October 4, 2007 Publishing Good News since 1884 Volume 124 Number 235

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Chapman urges focus on Baptists' core beliefs


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SAN ANTONIO (BP)—Rather than debating "disputable doctrines that lead to destructive distractions" from the task of spreading the Gospel, Morris H. Chapman urged messengers to embrace the core beliefs they hold in common and "learn to engage in healthy debate" about varied interpretations of other doctrines.

Chapman, president of the Southern Baptist Convention's Executive Committee, proposed two suggestions for future consideration.

"Any practice instituted by an entity in the Southern Baptist Convention that has the force of doctrine should be in accord with the Baptist Faith and Message and not exceed its boundaries unless and until it has been approved by the Southern Baptist Convention," Chapman told messengers to the SBC annual meeting June 12 in San Antonio.


"If an entity of the Southern Baptist Convention adopts a confession of faith separate and distinct from the Baptist Faith and Message and it includes a doctrine unsupported by our confessional statement, the entity should request approval from the convention prior to including the doctrine in its confession," Chapman added.

The two proposals relate only to the confession of faith by which employees of a convention entity are to abide, including missionaries, professors, administrators and support staff, Chapman explained, and the proposals in no way restrict the Ethics & Religious Liberty Commission's work of proclaiming biblical positions about moral and ethical issues.

Furthermore, Chapman's two proposals do not require the allegiance of students in order to be enrolled in an SBC seminary, and they do not infringe on the responsibility of trustees to govern entities, he said.

"We must come together as one in the Spirit over the core beliefs that we hold in common and learn to engage in healthy debate about varied interpretations of other doctrinally related Scripture," Chapman told messengers. "Otherwise, we shall spend our time arguing among ourselves while thousands, even millions, die without a Savior."

Because the Conservative Resurgence within the convention was characterized by debate over the authority of God's Word rather than the interpretation of God's Word, Chapman said Southern Baptists are wasting their time when they harshly argue over secondary and tertiary doctrines.

"For Jesus' sake and the sake of His Kingdom on earth, we must not make every doctrinal issue a crusade or a political football," Chapman said.

The Executive Committee's objective, Chapman said, is to provide spiritual leadership by example as it makes decisions and offers recommendations it believes are in the best interest of the entire convention.

One of the ways the Executive Committee has taken a deliberate step to provide that leadership was by hiring Ken Hemphill in 2001 as a strategist for Empowering Kingdom Growth.

"EKG was never intended to be a program but a movement, an appeal for spiritual renewal in us all and an outbreak of Kingdom consciousness in our churches," Chapman said.

In 2006 the Executive Committee accepted the ministry assignment of biblical stewardship, and the Cooperative Program and Stewardship division of the Executive Committee has developed a partnership with Crown Financial Ministries and launched a new initiative titled "It's a New Day" about how to conquer debt, Chapman noted.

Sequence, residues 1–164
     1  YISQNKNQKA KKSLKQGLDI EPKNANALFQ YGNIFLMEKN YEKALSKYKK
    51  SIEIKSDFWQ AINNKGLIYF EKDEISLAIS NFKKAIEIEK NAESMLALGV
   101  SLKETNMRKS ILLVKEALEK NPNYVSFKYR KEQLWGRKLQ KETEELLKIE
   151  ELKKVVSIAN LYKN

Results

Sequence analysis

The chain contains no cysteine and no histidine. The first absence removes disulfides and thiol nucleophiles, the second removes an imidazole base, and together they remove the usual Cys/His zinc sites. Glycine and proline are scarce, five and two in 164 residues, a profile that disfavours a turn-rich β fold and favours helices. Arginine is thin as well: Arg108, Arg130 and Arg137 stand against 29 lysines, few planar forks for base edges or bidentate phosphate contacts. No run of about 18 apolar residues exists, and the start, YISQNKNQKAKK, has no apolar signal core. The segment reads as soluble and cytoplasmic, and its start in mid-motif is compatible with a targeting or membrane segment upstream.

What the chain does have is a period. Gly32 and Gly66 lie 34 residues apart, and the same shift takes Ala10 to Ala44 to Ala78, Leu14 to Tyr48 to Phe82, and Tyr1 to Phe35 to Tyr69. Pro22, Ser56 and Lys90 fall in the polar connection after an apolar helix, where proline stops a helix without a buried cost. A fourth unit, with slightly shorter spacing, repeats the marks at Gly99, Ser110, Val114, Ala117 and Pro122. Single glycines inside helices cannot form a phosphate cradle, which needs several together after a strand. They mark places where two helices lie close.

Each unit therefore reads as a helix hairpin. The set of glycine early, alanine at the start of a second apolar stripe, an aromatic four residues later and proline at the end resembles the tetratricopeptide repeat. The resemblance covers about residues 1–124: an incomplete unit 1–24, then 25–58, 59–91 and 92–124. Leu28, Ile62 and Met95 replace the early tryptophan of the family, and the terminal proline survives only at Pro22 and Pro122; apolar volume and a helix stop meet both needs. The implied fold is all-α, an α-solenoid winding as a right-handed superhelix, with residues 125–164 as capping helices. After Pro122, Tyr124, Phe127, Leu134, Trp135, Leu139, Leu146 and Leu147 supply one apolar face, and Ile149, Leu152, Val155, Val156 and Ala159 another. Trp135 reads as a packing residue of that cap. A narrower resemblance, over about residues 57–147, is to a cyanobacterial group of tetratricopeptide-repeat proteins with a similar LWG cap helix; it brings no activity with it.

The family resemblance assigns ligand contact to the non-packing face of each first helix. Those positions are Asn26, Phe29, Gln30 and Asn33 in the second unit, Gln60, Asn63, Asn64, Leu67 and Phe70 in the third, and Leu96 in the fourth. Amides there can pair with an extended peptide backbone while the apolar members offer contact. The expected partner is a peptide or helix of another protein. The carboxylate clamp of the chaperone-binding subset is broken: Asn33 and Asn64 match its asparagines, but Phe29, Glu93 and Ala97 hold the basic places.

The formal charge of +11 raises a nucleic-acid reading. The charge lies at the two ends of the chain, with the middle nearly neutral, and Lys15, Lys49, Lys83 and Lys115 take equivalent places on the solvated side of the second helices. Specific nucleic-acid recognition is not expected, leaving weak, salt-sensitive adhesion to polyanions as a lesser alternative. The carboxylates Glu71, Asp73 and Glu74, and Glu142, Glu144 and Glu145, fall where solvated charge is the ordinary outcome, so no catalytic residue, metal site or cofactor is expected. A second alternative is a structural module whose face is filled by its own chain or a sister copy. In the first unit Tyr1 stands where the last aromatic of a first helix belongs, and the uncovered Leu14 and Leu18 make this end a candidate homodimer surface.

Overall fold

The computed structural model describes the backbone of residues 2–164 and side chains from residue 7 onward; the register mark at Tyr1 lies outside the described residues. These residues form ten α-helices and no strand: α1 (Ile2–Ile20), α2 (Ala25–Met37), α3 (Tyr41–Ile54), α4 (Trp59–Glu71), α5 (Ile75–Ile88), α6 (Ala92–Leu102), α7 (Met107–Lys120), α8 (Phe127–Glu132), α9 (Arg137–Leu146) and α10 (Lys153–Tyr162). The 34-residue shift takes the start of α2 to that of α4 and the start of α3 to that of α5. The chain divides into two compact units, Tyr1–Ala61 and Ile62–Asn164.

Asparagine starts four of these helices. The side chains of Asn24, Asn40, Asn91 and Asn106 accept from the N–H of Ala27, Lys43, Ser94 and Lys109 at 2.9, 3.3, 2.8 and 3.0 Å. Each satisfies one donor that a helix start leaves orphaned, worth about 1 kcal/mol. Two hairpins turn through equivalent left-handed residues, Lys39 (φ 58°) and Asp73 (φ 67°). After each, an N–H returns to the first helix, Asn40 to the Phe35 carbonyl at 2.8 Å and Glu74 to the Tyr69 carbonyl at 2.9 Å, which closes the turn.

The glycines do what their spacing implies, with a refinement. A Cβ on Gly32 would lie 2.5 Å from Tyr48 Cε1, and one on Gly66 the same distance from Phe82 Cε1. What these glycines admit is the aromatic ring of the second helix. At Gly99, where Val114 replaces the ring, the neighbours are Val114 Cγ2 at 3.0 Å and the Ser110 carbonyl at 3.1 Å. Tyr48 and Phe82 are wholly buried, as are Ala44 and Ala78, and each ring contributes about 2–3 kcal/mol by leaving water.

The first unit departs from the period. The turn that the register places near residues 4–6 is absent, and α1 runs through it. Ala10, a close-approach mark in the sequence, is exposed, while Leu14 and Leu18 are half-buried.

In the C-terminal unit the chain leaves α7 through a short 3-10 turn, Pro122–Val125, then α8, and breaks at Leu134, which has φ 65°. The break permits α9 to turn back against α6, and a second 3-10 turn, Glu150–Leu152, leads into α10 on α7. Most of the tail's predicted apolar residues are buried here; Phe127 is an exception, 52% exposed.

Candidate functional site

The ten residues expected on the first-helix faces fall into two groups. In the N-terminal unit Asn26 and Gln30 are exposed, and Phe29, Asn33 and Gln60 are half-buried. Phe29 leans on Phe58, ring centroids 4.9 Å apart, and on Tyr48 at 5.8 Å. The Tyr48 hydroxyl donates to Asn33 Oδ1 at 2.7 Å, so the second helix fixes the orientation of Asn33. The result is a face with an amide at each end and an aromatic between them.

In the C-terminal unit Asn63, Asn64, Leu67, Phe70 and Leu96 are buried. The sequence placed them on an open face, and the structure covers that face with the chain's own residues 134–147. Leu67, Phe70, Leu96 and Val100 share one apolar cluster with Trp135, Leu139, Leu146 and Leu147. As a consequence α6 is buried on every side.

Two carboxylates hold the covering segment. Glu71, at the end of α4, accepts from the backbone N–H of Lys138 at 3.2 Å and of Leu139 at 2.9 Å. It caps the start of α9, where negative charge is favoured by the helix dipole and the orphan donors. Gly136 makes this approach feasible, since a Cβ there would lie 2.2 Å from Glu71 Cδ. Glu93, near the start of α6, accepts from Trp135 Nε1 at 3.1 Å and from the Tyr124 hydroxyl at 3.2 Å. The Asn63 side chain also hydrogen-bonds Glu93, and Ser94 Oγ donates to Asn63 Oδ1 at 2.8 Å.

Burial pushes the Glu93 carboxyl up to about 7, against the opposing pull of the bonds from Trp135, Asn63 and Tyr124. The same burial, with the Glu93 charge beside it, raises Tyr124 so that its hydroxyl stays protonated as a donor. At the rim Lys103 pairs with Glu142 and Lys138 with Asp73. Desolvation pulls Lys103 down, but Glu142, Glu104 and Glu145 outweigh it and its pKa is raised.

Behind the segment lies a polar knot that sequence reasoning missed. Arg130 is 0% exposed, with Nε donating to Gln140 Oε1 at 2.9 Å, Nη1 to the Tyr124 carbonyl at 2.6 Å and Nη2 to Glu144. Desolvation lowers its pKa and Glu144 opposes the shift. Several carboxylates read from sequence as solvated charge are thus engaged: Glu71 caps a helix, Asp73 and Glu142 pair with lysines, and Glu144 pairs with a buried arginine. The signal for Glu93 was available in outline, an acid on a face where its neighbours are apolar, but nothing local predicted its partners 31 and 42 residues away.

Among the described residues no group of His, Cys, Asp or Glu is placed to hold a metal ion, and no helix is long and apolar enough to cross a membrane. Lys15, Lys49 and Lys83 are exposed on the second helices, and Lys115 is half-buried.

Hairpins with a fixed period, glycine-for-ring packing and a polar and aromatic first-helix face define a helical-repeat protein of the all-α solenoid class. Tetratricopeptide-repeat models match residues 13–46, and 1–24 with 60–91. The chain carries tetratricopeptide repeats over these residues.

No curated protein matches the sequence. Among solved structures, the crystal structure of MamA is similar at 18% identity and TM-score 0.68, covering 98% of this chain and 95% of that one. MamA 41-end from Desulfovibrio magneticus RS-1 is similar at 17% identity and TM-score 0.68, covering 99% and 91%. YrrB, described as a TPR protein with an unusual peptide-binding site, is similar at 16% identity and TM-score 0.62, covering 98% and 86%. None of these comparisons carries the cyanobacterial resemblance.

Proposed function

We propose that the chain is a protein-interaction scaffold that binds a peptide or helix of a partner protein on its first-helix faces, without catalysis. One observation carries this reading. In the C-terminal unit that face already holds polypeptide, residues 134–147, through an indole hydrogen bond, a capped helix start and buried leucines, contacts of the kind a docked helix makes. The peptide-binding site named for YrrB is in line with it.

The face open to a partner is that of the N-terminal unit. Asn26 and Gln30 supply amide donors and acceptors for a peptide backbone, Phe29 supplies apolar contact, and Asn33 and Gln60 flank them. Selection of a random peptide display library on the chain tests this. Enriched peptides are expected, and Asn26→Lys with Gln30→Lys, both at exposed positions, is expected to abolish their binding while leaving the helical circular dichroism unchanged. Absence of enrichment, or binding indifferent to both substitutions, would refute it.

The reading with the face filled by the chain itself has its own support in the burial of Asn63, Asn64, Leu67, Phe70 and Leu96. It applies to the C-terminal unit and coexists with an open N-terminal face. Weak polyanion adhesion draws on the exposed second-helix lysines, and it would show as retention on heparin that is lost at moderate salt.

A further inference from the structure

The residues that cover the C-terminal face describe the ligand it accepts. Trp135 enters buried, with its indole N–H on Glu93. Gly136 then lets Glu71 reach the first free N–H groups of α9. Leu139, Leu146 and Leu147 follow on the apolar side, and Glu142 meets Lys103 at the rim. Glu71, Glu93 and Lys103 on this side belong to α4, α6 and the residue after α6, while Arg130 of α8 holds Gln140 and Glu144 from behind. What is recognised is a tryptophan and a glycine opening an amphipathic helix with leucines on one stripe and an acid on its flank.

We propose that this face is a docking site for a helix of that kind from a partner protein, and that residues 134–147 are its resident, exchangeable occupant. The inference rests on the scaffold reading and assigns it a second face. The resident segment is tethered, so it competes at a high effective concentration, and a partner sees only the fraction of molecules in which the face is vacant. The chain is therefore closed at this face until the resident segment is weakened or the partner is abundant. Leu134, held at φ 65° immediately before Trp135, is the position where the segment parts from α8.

"Stewardship, as we see it, is not an effort to get something from the churches," he said. "It is an effort to give the churches God's roadmap to financial freedom and the abundance of God's blessings that are poured out upon those who obey His Word. If God's people become faithful stewards, it will revolutionize your church and this convention."

Another deliberate step to provide spiritual leadership by example, Chapman said, was to recommend to the convention last year the ideas developed by the Cooperative Program Ad Hoc Study Committee.

Among those recommendations adopted by the convention are that every Southern Baptist be encouraged to tithe to his local church, that churches be commended for giving sacrificially through the Cooperative Program and that each convention have a plan for forwarding an increasing percentage of receipts to SBC mission causes through the Cooperative Program, Chapman recounted.

The most recent step the Executive Committee has taken to provide spiritual leadership by example was the hiring of Bobby Welch, pastor emeritus of First Baptist Church in Daytona Beach, and former convention president, as a strategist for global evangelical relations to build strong relationships with conservative evangelicals around the world.

"Eventually he will have traveled to all seven continents, getting to know those who, like us, have the lost world on their hearts," Chapman said.

In addition to hiring new staff and recommending goals to the convention, the Executive Committee is producing a new film series and publishing books with the intention of educating this generation and the ones to come about the heritage of the Southern Baptist Convention.

The "Forged by Faith" film series will soon add a fourth installment, and already the Executive Committee has published—under the Convention Press imprint leased from LifeWay—a booklet titled "Building Bridges," which was distributed to convention messengers at registration.

"As you watch these films you will be overwhelmed by how God moved among our forebears," Chapman said. "Our great heritage should humble us and renew our desire to witness faithfully to the ends of the earth.

"Those of us alive today cannot witness to past generations. We cannot witness to future generations," Chapman said. "If we are going to tell the story of Jesus to a lost world, we must tell it to those who live today."